2. Multicenter Evaluation of a 0-Hour/1-Hour Algorithm in the Diagnosis of Myocardial Infarction With High-Sensitivity Cardiac Troponin T, Mueller, C. et al.,Annals of Emergency Medicine, doi: 10.1016/j.annemergmed.2015.11.013, published online 12 January 2016.

 

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On March 30th, 2016, posted in: Blog by

Swine flu in Pakistan

By Dr Asif Javed Butt

Influenza or flu in humans is caused by influenza viruses A, B and C. Influenza virus B is exclusive to humans whereas other two are not human specific. Influenza virus C can infect humans, dogs and pigs whereas Influenza virus A has many strains and many of them infect both humans and other animals. H1N1 strain which causes swine flu and H5N1 strain which causes bird flu are more famous ones.

Some forms of H1N1 strain of influenza A are endemic to pigs and some to humans and only occasionally it can transfer from pigs to humans. Only 50 cases of zoonotic swine flu have been identified since first known case in 1958. Infected humans can infect others via airborne droplets. The 2009 H1N1 virus was not zoonotic swine flu, as it was not transmitted from pigs to humans, but from person to person through airborne droplets.

Right from the start of 2016, in addition to common cold and other forms of influenza, H1N1 swine flu is also on the rise in Pakistan. Although not declared an epidemic, according to media reports it has killed more than 19 people mostly in Multan, Lahore and Sargodha districts. In general Symptoms include fever; cough, sore throat, watery eyes, body aches, shortness of breath, headache, weight loss, chills, sneezing, runny nose, coughing, dizziness, abdominal pain, lack of appetite and fatigue. Because these symptoms are not specific to swine flu, a differential diagnosis of probable swine flu requires not only symptoms, but also a high likelihood of swine flu due to the person’s recent and past medical history.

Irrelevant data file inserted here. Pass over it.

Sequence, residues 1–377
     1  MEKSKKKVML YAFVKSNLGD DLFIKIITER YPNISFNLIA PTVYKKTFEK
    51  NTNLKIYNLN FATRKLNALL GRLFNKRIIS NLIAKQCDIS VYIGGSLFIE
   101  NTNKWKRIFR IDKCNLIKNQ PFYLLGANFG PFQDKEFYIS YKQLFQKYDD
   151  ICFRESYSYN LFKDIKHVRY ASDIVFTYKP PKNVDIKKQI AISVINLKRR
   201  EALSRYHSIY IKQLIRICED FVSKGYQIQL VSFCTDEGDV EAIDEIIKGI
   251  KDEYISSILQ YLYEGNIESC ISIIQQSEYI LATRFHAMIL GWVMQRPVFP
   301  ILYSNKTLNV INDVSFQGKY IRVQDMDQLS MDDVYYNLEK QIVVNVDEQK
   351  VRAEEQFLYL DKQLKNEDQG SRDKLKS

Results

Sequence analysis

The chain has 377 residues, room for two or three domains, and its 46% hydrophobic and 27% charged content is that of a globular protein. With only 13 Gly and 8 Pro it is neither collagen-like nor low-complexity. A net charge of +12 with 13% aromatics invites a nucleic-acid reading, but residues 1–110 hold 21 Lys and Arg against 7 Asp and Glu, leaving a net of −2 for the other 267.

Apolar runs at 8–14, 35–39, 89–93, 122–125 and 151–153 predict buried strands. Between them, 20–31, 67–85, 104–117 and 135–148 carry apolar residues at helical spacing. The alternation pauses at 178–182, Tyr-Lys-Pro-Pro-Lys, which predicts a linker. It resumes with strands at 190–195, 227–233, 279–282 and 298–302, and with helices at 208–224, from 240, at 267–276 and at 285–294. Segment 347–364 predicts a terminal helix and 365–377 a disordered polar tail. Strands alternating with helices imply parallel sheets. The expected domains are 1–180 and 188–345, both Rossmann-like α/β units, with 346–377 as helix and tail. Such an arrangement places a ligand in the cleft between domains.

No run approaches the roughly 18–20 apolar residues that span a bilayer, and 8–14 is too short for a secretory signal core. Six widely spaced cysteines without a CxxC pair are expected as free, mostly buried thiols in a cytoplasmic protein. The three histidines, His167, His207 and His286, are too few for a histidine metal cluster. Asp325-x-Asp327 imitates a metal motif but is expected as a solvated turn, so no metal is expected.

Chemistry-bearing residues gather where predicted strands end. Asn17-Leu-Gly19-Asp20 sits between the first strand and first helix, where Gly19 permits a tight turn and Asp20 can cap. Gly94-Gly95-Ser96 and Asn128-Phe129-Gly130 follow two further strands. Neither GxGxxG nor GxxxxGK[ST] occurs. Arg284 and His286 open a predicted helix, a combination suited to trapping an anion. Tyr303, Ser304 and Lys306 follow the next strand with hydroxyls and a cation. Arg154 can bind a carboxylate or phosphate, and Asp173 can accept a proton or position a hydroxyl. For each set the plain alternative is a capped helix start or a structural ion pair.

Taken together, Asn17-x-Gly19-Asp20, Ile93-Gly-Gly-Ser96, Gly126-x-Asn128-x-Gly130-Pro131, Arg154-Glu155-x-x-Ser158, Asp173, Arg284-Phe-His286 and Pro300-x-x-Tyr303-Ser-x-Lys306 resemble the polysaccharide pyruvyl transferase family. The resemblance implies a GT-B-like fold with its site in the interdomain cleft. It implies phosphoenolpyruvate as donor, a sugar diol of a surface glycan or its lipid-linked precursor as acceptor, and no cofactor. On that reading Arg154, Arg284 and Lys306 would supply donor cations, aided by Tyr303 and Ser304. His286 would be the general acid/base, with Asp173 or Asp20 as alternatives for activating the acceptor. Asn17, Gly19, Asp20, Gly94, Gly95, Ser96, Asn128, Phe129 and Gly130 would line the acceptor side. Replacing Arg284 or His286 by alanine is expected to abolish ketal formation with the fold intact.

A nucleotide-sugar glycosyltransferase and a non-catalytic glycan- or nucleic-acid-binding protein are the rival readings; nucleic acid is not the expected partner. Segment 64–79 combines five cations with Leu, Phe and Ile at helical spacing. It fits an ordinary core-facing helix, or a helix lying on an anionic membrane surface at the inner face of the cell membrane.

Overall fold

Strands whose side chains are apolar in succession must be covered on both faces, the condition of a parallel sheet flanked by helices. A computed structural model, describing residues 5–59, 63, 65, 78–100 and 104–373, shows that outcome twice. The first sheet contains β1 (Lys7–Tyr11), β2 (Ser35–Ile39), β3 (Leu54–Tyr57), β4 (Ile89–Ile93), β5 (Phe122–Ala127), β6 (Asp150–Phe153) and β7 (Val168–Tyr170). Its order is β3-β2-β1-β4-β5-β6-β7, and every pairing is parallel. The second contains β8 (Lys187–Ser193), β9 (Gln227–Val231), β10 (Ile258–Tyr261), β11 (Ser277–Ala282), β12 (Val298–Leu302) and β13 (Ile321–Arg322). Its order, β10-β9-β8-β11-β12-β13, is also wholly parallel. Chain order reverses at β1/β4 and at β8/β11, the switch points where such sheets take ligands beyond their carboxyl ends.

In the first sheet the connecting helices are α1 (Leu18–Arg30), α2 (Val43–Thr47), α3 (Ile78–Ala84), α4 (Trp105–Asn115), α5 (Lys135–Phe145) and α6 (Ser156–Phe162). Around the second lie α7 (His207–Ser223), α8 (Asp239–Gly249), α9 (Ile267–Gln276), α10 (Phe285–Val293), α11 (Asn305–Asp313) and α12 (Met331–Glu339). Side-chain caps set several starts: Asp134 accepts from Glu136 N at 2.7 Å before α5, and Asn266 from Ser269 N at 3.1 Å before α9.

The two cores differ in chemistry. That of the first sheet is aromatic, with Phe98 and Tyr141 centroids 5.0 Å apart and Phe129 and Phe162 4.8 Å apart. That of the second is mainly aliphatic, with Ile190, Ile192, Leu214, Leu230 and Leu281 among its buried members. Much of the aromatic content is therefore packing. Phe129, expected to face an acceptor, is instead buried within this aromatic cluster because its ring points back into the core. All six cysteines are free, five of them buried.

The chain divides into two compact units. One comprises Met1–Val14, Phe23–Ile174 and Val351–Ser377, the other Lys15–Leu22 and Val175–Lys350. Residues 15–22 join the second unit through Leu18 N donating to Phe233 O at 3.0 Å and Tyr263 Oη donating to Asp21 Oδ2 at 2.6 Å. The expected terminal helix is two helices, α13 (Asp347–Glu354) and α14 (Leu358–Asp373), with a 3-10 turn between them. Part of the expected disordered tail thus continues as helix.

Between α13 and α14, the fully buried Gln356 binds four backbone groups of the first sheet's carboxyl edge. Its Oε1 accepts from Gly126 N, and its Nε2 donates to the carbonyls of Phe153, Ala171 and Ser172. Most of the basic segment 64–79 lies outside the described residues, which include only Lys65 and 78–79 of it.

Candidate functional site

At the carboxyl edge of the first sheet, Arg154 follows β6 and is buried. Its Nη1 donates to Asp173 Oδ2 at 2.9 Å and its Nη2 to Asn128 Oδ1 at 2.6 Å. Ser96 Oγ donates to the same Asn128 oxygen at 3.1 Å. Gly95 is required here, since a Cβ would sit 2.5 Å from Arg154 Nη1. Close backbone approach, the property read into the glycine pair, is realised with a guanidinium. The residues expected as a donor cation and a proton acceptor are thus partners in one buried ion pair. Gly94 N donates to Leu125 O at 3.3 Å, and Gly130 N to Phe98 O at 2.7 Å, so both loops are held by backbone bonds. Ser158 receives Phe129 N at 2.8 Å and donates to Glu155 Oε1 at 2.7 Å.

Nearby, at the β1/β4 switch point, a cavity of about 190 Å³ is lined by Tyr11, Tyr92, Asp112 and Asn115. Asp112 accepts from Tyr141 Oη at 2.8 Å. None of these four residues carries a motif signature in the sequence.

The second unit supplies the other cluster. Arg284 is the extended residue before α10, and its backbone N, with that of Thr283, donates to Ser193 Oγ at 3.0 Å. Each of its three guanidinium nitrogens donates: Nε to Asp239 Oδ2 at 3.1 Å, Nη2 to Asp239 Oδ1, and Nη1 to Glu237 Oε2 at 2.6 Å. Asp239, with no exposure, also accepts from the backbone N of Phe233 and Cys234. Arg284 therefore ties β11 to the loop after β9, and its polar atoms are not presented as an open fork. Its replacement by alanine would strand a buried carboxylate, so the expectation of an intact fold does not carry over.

The U.S. Centers for Disease Control and Prevention (CDC) recommends real-time PCR as the method of choice for diagnosing H1N1. The oral or nasal fluid collection and RNA virus preserving filter paper card is commercially available in some countries. This method allows a specific diagnosis of novel influenza (H1N1) as opposed to seasonal influenza.